Homeowner getting fed up with wrecks

September 15, 2009 4:08:13 PM PDT
One homeowner's frustration is years in the making. His home seems like a target for suspected drunk drivers. When we first told you his story five years ago, his home had been crashed into four times. Since then, it's happened three more times. And now, he's worried someone will lose their life unless something changes.

When you wake up to find a vehicle smashed into your property, that's bad enough. But when it's happened seven times over five years, for a homeowner with whom we spoke, enough is enough. It's happened at his home at the intersection of Pecan Creek and North Kirkwood in west Houston.

"I don't feel that the city has done enough to rectify the problem that they created," said the man who owns the home that's been hit all those times.

He showed us photographs of all the vehicles that have smashed into his house since 2004, amounting to a whopping $57,000 in damage.

It's a problem neighbors say they have complained about ever since the city widened North Kirkwood, causing, they believe, more of these accidents to happen.

"They don't see the angle of the street and they run over," said neighbor Maximo Salazar.

The city says it has worked to solve the problem. It has installed rumble strips and a speed hump at the request of the residents. It's even proposing a reflective sign in front of the house to warn drivers of the stop.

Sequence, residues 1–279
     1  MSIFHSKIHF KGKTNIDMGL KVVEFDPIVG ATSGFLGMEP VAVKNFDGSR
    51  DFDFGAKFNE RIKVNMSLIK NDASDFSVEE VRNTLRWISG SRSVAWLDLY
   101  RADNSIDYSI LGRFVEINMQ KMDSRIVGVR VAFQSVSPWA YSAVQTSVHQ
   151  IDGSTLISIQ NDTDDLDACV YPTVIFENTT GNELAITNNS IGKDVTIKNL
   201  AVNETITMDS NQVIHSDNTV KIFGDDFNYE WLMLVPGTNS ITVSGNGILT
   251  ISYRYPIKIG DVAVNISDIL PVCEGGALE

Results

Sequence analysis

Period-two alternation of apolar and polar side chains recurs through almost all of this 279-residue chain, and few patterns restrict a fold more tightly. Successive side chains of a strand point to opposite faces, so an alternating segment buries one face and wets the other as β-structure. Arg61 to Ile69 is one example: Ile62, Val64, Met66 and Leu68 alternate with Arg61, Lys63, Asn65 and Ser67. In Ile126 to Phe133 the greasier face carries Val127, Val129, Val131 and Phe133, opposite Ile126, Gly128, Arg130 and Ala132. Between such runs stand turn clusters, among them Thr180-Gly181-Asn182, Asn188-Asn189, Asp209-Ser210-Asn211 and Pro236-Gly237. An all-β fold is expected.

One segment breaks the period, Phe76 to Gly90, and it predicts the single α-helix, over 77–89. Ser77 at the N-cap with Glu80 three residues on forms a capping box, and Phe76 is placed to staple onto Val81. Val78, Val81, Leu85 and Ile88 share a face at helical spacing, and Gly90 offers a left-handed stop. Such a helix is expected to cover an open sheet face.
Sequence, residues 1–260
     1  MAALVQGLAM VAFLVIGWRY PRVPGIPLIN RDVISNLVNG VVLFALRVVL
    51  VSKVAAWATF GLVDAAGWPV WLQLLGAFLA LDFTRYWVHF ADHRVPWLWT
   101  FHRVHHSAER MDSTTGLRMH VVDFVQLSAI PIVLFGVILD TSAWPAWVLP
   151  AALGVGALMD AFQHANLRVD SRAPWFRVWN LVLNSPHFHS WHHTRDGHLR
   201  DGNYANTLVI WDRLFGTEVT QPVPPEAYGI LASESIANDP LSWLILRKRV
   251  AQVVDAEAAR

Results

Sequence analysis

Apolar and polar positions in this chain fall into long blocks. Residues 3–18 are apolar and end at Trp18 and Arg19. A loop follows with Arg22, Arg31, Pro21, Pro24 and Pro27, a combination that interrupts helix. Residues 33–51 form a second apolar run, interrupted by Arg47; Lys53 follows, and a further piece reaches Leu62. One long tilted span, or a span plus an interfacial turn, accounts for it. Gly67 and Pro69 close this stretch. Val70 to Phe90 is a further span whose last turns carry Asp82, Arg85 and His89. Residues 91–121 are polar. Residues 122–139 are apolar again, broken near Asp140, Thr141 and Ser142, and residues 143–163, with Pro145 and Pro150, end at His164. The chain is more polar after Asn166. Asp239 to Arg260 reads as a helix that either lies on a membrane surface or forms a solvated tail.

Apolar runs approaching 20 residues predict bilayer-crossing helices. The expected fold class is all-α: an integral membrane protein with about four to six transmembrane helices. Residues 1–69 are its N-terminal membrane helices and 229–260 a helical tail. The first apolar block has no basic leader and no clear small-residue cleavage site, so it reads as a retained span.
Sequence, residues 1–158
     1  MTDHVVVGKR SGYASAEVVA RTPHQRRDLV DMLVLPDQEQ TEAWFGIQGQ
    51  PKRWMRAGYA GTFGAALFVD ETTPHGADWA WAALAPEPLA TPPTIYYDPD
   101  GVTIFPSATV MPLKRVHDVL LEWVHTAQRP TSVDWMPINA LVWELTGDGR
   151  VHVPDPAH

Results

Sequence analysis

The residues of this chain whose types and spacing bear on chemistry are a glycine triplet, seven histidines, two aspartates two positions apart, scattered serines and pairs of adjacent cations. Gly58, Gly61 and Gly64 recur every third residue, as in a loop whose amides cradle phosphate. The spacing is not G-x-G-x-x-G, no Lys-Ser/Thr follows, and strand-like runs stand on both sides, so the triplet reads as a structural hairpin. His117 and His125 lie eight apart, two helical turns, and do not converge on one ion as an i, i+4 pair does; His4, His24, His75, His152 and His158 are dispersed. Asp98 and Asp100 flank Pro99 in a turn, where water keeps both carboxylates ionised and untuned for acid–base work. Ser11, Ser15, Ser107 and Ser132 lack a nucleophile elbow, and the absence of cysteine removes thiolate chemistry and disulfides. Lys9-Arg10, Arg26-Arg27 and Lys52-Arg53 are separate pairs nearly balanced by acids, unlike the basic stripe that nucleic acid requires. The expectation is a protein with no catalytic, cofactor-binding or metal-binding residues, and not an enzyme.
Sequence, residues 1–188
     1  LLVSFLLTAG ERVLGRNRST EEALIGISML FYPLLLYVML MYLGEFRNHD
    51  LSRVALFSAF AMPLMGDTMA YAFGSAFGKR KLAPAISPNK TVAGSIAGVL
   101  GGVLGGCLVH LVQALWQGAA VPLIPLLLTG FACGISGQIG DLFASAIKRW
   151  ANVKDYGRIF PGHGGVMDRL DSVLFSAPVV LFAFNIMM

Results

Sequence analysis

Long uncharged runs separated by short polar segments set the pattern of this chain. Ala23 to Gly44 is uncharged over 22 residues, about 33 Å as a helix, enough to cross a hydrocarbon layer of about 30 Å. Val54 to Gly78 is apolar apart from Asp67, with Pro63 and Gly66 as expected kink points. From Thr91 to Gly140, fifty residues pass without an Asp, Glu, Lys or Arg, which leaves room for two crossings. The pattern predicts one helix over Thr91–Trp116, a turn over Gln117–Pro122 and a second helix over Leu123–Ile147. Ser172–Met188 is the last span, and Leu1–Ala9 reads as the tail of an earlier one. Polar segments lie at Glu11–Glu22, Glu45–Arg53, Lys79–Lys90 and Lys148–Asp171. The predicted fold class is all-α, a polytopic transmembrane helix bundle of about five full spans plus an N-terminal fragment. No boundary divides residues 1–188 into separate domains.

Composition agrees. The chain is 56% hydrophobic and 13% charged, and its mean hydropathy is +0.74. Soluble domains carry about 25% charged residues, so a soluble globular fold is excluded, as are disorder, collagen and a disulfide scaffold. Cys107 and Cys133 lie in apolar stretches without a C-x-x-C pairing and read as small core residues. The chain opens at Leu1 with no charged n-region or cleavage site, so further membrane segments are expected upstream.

"To me, this looks like this is probably a condition of enforcement for the driver who actually left the roadway," said Alvin Wright with the Houston Public Works Department.

But residents say they want more. They've proposed the city allow them to reduce the number of lanes entering the property, or at least put a gate at the entrance of their subdivision; two things they say the city so far has resisted.

"We just need the city to turn us loose and give us some help," said Homeowners Association President Charles Wood.

The homeowners association says it is willing to front the cost for any of the work that needs to be done, wondering what will have to happen to get what they want.

We talked with Houston City Councilmember Toni Lawrence, who says Public Works hasn't worked hard enough on the problem. She wants to get a meeting together with contractors and city engineers to work this out.

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